Star-like macromers from lignin

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Virginia Tech

Star-like macromers were prepared from hydroxypropyl lignin by reaction with propylene oxide. The average number of arms per macromer was controlled by partial capping with diethylsulfate, and the average arm length by the degree of chain extension with propylene oxide.

Six methods of analysis were applied for characterizing of the star-like macromers: total hydroxyl (by titration), vapor pressure osmometry, hydriotic acid/gas chromatography, ultraviolet spectroscopy, proton-nuclear magnetic resonance spectroscopy and thermal analysis.

Number average molecular weights were measured by vapor pressure osmometry. Total hydroxyl content was determined after acetylation by potentiometric titration. Based on HPL molecular weight and hydroxyl content it was estimated that the average HPL molecule generates a star-like structure ("macromer”) with an average of 6 arms.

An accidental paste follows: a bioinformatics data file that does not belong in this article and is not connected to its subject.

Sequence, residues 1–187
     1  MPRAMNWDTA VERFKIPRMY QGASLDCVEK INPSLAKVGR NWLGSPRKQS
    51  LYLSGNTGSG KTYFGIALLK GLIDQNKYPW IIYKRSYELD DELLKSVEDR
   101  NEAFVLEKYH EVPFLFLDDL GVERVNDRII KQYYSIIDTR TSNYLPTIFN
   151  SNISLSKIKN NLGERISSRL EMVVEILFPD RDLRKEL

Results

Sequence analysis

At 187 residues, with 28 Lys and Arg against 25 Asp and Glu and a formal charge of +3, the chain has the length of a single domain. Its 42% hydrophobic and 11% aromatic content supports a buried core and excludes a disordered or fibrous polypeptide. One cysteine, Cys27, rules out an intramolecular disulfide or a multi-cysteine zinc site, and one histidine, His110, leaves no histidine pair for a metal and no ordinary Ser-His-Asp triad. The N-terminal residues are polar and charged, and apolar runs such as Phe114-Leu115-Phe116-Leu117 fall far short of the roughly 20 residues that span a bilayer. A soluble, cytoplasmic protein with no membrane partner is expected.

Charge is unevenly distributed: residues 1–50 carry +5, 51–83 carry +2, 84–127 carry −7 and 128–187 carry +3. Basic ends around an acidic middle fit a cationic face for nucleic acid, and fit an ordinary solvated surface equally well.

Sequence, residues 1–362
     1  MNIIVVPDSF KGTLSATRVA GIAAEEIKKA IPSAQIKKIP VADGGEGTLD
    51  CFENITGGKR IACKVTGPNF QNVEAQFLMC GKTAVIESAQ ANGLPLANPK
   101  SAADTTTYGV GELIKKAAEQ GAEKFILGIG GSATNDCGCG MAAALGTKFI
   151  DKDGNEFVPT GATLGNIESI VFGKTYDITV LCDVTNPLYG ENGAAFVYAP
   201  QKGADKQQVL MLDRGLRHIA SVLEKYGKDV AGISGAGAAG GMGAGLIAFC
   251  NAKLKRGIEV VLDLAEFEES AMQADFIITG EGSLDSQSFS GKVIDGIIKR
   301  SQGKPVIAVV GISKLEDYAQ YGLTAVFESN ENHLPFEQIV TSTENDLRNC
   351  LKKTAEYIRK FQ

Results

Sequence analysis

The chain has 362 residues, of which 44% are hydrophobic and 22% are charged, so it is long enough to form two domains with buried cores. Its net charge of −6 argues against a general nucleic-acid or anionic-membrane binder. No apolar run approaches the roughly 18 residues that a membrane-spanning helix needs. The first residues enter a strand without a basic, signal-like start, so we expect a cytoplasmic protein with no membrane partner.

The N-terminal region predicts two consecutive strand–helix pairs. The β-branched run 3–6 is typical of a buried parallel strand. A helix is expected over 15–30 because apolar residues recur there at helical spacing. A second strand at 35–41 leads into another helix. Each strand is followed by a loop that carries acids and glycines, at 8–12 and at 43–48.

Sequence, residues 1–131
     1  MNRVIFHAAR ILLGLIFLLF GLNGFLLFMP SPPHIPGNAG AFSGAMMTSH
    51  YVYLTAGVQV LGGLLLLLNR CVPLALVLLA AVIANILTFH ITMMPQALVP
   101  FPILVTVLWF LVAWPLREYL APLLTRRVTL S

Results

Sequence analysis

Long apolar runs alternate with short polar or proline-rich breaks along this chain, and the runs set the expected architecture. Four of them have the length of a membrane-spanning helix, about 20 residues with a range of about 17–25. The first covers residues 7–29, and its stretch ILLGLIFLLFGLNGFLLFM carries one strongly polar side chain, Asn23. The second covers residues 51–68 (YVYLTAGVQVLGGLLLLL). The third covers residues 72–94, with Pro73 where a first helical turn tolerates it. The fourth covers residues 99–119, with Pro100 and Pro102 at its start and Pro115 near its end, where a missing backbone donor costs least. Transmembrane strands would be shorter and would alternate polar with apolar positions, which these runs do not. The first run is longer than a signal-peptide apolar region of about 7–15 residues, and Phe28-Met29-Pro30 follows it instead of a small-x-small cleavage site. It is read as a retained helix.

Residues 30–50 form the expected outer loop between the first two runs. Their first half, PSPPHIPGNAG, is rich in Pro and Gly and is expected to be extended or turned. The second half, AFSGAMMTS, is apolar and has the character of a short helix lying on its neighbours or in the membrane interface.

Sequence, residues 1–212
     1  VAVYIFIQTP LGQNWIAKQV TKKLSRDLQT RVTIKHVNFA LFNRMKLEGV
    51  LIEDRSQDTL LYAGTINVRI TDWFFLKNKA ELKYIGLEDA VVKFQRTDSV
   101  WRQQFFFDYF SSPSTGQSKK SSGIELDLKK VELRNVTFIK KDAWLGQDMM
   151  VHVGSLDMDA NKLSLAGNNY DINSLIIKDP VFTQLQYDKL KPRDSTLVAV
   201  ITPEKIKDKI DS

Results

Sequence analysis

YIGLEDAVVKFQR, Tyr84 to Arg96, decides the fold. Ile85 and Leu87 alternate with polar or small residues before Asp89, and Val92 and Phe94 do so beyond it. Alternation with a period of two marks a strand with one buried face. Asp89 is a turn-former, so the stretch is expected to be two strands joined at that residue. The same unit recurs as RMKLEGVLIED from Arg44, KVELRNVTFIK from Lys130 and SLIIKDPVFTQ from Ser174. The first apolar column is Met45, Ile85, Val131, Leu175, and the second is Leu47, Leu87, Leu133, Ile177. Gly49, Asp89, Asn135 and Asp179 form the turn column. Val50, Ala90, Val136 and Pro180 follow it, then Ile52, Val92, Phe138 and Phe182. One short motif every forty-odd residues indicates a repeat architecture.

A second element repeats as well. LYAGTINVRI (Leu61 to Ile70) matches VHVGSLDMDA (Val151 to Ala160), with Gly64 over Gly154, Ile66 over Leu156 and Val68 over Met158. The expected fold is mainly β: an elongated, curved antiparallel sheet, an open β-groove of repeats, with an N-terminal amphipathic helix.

Hydriodic acid/gas chromatography proved to be the most appropriate method for the quantitative determination of the degree of capping. Based on this technique it was possible to classify star-like macromers with between two and six radiating arms per average molecule. The same method could also be applied for the determination of arm length. Two different propoxylation reaction conditions produced macromers with an average of 2.5 and 3.5 propylene oxide units per arm.

Ultraviolet spectroscopy was the simplest and most rapid method of analysis investigated. The decrease in copolymer absorptivity coefficient was found to be related to an increase in non-UV absorbing mass after capping and/or chain extension.

Results indicated that H-NMR spectroscopy is an adequate method of analysis for star-like macromers. Macromer arm length was calculated from the ratio of signals representing the methyl group of acetyl (i.e. hydroxyl) and propoxyl functionality. Two levels of propoxylation produced star-like macromers with 2.2 - 2.5 and 3.9 - 4.0 propylene oxide units per arm.

Thermal analysis by DMTA of lignin derivative-containing blends with ethylene-vinyl acetate copolymer indicated that the glass transition behavior of the star-like macromers follows the Gordon-Taylor relationship for copolymers. Although variable, the results revealed a consistent decrease in Tg as a consequence of an increase of propylene oxide chain length.